Last year at this time, FairPoint Communications, our bankrupt phone company, was threatening to disconnect 20,000 Great Works Internet customers (The Universal Notebook, Jan. 18, 2010) after jacking up its line rate for unused fiberoptic cable from $50 a mile to $1,100 a mile and then claiming GWI owed it $3 million.

This year, FairPoint is only threatening to disconnect 1,700 GWI customers, those unfortunate few like myself who receive GWI broadband Internet service over a FairPoint phone line. Last year, FairPoint blinked. This year, given the small number of consumers involved, I wouldn’t be surprised if FairPoint makes good on its threat to cut off GWI once the contract between the two companies expires on Feb. 28.

On Dec. 29, I received an e-mail from GWI informing me that “We have recently been notified that your telephone provider is no longer willing to share their lines. This will likely cause you to lose access to your GWI Broadband Internet service.”

I called GWI to ask whether the warring telecom companies might work out their differences as they did last year. A GWI rep told me “not a chance.”

I then called FairPoint with the same question. I was told the companies “may decide to extend the contract, but no decision has been made.”

In the meantime, I’m told that I should make new arrangements to preserve my Internet access. GWI would like me to make it both my telephone company and my Internet provider. FairPoint doesn’t seem to give a damn what I do. If I am forced to choose between GWI and FairPoint, I’ll probably choose Time Warner. I like having a Maine-based Internet provider, but I’m sick and tired of being a pawn in the games telecoms play.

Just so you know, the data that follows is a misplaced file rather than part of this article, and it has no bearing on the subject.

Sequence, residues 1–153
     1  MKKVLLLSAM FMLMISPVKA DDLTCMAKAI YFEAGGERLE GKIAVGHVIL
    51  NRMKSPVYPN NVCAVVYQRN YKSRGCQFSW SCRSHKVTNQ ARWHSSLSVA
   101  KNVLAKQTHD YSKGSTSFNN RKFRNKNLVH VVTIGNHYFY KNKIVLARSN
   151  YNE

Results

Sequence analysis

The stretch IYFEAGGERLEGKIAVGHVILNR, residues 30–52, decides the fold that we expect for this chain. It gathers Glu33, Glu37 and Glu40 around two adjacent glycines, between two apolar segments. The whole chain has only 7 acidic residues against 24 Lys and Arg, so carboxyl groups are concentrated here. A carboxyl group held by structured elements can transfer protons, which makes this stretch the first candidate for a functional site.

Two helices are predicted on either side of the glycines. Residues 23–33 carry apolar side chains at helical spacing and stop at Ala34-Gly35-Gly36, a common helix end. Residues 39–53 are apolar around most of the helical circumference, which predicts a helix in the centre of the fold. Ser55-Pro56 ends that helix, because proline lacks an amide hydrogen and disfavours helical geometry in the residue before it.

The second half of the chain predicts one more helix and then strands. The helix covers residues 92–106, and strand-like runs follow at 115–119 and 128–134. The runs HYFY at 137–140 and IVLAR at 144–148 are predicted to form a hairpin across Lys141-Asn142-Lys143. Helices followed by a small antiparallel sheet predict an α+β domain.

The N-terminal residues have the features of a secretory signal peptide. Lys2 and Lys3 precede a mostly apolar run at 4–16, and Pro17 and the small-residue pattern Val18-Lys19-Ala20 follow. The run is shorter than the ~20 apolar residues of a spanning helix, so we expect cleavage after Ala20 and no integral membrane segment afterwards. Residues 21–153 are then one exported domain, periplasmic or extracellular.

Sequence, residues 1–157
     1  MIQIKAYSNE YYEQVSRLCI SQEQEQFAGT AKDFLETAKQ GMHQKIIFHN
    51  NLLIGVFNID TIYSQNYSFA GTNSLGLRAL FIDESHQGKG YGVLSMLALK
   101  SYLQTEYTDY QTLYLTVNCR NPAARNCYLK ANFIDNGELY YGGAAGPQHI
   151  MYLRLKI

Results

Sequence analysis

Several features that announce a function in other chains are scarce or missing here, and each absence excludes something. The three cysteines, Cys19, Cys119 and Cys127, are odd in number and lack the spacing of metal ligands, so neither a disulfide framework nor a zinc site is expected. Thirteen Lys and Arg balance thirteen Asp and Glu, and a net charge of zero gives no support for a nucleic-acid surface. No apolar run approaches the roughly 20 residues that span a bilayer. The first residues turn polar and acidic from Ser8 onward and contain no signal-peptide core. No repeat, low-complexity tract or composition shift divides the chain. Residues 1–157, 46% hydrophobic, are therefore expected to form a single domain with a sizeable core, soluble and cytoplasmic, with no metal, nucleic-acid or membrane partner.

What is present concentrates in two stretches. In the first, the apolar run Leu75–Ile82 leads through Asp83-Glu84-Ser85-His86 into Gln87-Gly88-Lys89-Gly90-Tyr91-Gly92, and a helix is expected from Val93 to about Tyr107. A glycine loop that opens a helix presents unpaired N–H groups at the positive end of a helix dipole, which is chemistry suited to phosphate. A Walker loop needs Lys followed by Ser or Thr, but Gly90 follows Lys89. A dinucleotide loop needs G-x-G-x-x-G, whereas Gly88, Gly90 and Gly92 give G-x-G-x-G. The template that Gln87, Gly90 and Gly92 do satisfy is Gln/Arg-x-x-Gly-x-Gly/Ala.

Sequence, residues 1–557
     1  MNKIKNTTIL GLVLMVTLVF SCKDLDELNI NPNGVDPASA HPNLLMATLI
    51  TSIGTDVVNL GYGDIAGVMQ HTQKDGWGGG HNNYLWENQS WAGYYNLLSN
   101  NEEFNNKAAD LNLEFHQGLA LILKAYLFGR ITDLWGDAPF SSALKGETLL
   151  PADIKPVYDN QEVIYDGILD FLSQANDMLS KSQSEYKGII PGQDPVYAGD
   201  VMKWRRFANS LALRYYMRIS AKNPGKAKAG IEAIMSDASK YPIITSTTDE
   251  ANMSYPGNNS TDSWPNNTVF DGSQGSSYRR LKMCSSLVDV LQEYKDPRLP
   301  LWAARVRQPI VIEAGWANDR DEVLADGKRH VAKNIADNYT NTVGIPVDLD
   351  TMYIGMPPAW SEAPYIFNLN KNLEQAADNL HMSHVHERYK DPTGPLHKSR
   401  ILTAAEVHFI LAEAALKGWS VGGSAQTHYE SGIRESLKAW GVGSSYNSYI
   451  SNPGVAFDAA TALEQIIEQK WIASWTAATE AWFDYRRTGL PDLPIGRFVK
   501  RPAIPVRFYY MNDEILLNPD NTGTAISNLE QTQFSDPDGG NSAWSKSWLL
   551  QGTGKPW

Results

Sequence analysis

Time Warner, of course, is currently in a media war of its own, another in which customers are caught in the cross-hairs. Sinclair Broadcast Group, which owns local CBS affiliate WGME-TV, has been trying to get Time Warner Cable to pay it a dime for every subscriber in order to carry Channel 13.

Historically, broadcast stations have provided their programming free of charge because cable viewers enable them to increase their viewership and therefore charge more for their advertising. But ad revenues are falling for old media, so Sinclair would like to recover some of the lost revenue by charging more for its signal.

Last week, the Time Warner-Sinclair standoff threatened to deny local viewers access to the New England Patriots game, but Time Warner managed to disarm Sinclair by arranging to get the CBS network feed. Suddenly, Sinclair was only holding WGME news anchor Kim Block for ransom, not Patriots quarterback Tom Brady. Sinclair wisely extended the deadline for disconnecting Time Warner customers from Jan. 1 to Jan. 14.

My guess is that Sinclair will cave in when it realizes that threatening to pull the local news is not as powerful a bargaining chip as threatening to pull the Pats and “How I Met Your Mother.”

You know what would be nice though? If Sinclair just sold WGME and got out of town. Sinclair is a conservative media giant that seems to cause problems wherever it goes. Most of the stations it owns around the country are Fox network affiliates. Only two are CBS affiliates. I’ve felt sorry for the folks at WGME ever since Sinclair acquired them.

But you know who I feel more sorry for? You and me, the paying customers caught in the middle of these needless media wars. OK FairPoint, GWI, Time Warner and Sinclair, so you have contract disputes. Grow up, get your acts together and settle them privately. Stop fighting your money-grubbing battles on the backs of your customers.

Sidebar Elements

Freelance journalist Edgar Allen Beem lives in Yarmouth. The Universal Notebook is his personal, weekly look at the world around him.